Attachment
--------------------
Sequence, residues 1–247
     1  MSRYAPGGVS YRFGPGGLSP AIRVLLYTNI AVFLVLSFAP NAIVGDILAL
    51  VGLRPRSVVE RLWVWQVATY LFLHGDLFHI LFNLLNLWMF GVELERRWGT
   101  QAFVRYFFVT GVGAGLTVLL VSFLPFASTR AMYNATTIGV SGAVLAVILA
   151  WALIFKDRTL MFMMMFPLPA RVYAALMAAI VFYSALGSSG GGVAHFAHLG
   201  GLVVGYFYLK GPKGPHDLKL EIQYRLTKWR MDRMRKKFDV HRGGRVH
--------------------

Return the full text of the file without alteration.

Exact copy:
Sequence, residues 1–247
     1  MSRYAPGGVS YRFGPGGLSP AIRVLLYTNI AVFLVLSFAP NAIVGDILAL
    51  VGLRPRSVVE RLWVWQVATY LFLHGDLFHI LFNLLNLWMF GVELERRWGT
   101  QAFVRYFFVT GVGAGLTVLL VSFLPFASTR AMYNATTIGV SGAVLAVILA
   151  WALIFKDRTL MFMMMFPLPA RVYAALMAAI VFYSALGSSG GGVAHFAHLG
   201  GLVVGYFYLK GPKGPHDLKL EIQYRLTKWR MDRMRKKFDV HRGGRVH